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lariat

[lar-ee-uh t] /ˈlær i ət/
noun
1.
a long, noosed rope used to catch horses, cattle, or other livestock; lasso.
2.
a rope used to picket grazing animals.
Origin of lariat
1825-1835
1825-35; < Spanish la reata the riata
Dictionary.com Unabridged
Based on the Random House Dictionary, © Random House, Inc. 2016.
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Examples from the Web for lariat
Historical Examples
  • Then, my duty done, I watched two fellows throw the lariat, and shoot the fly specks off Coonskin's hat in midair.

    On a Donkey's Hurricane Deck R. Pitcher Woodward
  • "Uncle Cliff says he is 'greased lightning' with a lariat," said Blue Bonnet.

  • Thurstane took the lariat, inspected the breakage carefully, and scowled with helpless rage.

    Overland John William De Forest
  • Alec gave a twitch—not too hard—to the lariat, and the thing was done.

  • Fortunately, Rasco was in the habit of carrying, in cowboy fashion, a lariat suspended from his belt.

    The Boy Land Boomer Ralph Bonehill
  • To look at him, one would swear that he had never seen a pistol or a lariat.

    Just Patty Jean Webster
  • I've heard some say there's more than the gold medal and a horse up on this lariat game.

    The Gringos B. M. Bower
  • The man ran into the barn, returned with a lariat, and joined the fray.

    The Heart of Thunder Mountain Edfrid A. Bingham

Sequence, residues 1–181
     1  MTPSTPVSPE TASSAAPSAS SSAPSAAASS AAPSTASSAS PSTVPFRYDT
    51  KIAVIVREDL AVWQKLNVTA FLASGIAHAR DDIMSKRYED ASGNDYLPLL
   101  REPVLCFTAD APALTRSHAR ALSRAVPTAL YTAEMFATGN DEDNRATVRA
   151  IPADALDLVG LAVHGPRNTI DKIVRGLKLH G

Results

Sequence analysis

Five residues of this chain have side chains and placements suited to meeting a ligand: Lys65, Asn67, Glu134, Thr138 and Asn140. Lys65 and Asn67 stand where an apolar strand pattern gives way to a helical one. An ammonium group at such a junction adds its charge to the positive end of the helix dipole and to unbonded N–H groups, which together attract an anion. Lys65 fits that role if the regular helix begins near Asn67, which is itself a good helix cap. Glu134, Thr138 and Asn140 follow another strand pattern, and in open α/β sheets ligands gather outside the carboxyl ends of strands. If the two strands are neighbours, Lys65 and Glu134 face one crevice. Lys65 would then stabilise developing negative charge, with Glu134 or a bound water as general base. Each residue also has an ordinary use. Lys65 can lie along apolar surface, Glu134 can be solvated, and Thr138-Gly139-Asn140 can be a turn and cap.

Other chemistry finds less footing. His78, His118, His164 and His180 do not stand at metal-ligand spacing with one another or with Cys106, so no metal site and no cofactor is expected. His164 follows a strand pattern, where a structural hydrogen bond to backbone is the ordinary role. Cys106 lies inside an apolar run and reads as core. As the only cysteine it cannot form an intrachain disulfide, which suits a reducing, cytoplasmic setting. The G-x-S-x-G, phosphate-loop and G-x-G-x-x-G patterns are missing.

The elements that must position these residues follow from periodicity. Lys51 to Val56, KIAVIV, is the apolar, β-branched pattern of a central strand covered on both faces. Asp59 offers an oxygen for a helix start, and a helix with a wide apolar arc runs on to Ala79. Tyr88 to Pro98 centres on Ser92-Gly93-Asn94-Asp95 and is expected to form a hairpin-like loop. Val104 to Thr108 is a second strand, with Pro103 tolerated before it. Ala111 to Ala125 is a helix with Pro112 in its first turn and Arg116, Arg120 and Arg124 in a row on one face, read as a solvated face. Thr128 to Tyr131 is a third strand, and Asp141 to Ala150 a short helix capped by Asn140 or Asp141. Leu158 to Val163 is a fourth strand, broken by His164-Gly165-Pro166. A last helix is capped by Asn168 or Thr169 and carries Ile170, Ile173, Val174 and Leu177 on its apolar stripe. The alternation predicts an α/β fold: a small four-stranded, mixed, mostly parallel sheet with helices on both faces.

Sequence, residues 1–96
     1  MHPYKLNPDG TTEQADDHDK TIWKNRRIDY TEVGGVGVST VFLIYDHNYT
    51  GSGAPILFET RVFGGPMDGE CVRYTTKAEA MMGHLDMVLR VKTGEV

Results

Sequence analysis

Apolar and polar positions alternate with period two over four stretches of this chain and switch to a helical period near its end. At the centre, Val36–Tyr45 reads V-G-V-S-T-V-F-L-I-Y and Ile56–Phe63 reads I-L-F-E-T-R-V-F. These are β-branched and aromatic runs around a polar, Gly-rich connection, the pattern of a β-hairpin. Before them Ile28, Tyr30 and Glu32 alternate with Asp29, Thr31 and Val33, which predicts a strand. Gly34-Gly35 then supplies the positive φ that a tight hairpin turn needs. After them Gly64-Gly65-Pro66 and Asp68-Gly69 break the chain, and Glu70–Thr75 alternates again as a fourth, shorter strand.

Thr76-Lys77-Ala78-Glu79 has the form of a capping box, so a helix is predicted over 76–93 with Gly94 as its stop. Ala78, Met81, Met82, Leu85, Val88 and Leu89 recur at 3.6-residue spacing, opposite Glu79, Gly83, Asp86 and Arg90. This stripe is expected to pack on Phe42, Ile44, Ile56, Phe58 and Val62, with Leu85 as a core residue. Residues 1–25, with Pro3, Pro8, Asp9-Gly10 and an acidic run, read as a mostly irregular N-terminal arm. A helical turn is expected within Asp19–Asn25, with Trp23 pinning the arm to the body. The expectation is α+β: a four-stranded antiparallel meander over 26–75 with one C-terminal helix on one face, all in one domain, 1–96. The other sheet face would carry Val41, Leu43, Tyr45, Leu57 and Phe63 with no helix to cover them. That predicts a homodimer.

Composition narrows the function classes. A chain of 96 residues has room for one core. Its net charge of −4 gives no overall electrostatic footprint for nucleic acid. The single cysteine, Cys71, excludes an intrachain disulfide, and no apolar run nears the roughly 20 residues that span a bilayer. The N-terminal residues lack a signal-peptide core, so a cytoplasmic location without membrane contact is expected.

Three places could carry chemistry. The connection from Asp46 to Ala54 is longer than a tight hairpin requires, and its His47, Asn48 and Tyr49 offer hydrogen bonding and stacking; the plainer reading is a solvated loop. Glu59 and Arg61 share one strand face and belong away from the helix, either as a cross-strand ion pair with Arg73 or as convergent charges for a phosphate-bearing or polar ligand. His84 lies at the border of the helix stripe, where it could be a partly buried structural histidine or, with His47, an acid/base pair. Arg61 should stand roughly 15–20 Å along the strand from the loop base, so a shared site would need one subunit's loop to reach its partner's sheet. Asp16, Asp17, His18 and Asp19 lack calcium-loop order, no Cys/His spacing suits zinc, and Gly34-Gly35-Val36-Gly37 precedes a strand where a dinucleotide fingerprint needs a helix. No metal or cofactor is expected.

• We may believe that Mark learned to be "glum" when he saw the lariat approaching with his sheaf of rhymes.

  • He tied to the handcuffs the end of the lariat which was attached to the saddle.

    Oh, You Tex! William Macleod Raine
British Dictionary definitions for lariat

lariat

/ˈlærɪət/
noun (US & Canadian)
1.
another word for lasso
2.
a rope for tethering animals
Word Origin
C19: from Spanish la reata the lasso
Collins English Dictionary - Complete & Unabridged 2012 Digital Edition
© William Collins Sons & Co. Ltd. 1979, 1986 © HarperCollins
Publishers 1998, 2000, 2003, 2005, 2006, 2007, 2009, 2012
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Word Origin and History for lariat
n.

1832, American English, from Spanish la reata "the rope," from reatar "to tie against," from re- "back" + atar "to tie," from Latin aptare "to join" (see adapt).

Online Etymology Dictionary, © 2010 Douglas Harper
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